Sensationalized news: What the media deems as more important

Jayda Ragas, Herald Contributor

By now, it’s safe to say that most people have heard about the multiple bombs sent to select democratic big-names like former president Barack Obama, the Clintons and CNN. These mail bombs were all the news organizations could talk about — CNN, MSNBC, Fox News. But did you know that while this was happening, two black people were shot and killed in Kentucky?

Whenever I mentioned this to people, they looked shocked. An unnerving amount of people that I talked to didn’t have any idea that this happened. According to NBC News, on Oct. 24 a white man by the name of Gregory Bush first tried to enter a predominantly black church, and when that plan failed, he went to a grocery store and murdered two black people, Maurice Stallard and Vickie Lee Jones, in the parking lot.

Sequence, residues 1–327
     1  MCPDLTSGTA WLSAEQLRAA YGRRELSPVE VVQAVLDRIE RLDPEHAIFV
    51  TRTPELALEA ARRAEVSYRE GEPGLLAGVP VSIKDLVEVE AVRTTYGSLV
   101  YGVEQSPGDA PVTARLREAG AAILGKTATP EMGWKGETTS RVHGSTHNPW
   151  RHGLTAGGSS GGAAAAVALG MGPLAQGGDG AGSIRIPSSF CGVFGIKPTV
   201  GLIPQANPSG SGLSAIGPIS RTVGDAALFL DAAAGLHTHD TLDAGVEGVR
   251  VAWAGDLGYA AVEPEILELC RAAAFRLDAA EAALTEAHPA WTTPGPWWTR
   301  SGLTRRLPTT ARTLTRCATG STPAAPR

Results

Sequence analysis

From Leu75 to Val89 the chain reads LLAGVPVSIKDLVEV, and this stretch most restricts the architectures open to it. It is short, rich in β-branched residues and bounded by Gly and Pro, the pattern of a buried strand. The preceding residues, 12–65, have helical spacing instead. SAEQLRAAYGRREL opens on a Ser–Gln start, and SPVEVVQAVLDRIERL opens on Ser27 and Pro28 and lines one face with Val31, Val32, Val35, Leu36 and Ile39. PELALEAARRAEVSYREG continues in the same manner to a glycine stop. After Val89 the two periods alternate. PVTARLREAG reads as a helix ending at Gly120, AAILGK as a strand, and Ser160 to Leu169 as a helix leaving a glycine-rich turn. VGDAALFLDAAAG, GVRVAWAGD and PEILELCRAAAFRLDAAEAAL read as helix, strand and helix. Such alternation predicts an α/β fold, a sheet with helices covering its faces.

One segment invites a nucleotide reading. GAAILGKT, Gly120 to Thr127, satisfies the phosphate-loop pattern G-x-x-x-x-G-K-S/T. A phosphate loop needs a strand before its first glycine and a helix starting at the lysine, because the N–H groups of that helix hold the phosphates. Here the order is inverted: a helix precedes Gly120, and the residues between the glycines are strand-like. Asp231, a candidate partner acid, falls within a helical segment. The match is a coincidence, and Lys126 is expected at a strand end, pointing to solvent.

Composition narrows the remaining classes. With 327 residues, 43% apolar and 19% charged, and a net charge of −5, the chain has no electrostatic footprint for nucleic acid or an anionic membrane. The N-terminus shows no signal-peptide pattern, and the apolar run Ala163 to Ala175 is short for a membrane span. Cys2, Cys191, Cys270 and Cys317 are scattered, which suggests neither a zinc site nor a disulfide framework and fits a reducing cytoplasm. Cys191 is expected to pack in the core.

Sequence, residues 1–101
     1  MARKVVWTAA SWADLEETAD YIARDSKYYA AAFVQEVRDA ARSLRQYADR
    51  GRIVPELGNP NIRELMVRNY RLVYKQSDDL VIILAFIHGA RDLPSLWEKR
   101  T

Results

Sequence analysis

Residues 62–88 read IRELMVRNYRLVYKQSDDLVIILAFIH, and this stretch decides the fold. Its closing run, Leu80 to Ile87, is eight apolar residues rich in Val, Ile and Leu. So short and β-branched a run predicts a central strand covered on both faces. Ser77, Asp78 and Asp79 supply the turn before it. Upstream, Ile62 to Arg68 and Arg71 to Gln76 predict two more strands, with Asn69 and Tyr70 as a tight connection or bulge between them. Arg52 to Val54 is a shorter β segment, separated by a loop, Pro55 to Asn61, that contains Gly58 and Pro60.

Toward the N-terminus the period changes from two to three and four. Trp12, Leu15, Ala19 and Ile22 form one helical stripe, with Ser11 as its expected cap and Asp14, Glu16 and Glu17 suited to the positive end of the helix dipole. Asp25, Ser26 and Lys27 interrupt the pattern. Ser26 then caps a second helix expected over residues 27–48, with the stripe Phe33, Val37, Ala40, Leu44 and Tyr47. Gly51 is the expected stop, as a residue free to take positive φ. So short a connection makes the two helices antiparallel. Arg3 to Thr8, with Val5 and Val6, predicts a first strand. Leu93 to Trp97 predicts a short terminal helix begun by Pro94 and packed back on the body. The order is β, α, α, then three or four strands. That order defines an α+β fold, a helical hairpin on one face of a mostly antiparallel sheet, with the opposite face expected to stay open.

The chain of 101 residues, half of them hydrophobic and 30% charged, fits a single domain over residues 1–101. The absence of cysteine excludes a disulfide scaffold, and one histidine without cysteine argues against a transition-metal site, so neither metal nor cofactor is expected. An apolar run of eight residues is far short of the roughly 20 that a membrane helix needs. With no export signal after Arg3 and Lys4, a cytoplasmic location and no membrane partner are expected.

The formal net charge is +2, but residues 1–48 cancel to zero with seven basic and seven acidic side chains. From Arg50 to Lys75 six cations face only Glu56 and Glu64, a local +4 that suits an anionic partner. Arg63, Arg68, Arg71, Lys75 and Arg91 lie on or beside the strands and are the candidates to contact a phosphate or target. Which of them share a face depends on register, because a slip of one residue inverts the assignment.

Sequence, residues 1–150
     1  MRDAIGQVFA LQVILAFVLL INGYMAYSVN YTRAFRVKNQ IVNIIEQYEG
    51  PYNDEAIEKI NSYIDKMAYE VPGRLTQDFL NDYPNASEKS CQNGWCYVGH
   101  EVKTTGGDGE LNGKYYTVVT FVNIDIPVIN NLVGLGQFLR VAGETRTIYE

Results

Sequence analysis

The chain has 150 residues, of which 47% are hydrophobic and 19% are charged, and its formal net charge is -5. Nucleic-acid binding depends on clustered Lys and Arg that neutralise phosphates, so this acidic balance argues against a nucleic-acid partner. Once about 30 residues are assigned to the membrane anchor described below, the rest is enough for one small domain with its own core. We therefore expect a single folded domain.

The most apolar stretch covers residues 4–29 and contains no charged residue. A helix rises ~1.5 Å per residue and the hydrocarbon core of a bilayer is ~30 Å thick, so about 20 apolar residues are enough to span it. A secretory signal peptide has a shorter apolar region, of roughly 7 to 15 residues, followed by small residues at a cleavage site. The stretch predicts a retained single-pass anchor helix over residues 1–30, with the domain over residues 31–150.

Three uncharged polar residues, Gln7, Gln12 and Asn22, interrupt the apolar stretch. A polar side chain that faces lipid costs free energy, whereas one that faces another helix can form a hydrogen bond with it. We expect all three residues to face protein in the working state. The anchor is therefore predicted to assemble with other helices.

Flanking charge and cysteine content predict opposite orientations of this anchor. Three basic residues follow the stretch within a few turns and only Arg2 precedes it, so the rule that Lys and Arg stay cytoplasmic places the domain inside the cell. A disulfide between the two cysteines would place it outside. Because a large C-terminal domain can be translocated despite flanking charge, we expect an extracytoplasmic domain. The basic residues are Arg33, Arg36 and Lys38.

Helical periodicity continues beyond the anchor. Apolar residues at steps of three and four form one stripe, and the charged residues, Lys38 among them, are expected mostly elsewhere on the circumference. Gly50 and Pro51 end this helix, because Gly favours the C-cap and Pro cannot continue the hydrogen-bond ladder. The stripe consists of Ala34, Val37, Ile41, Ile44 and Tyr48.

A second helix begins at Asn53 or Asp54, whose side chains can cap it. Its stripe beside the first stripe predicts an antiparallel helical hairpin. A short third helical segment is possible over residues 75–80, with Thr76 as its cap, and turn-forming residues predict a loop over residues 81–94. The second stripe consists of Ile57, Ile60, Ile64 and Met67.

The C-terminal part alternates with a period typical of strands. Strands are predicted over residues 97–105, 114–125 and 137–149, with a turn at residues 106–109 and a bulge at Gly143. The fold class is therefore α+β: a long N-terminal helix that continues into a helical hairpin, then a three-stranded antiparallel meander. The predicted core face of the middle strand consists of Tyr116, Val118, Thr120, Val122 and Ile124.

The story is disturbing enough, but what also disturbs me is that this story didn’t get the coverage that it deserved. Trust me, I’m appalled (but not surprised) by the bomb threats, but I don’t think it was necessary to cover that story as much as it was covered. No one who was sent a bomb was injured or killed, and those people thankfully had the protection of security and mail screening to save them from something potentially fatal. What did Maurice Stallard and Vickie Lee Jones have to protect them? Their very skin color served as a target that Gregory Bush singled out, aimed and fired at. There was nothing those two people could do. That shooting should not have been pushed aside in favor of extended news coverage on the mail bombs. The media should have a balance in what they publish and produce. One story should not completely overshadow another only because prominent figures were involved as opposed to ordinary citizens.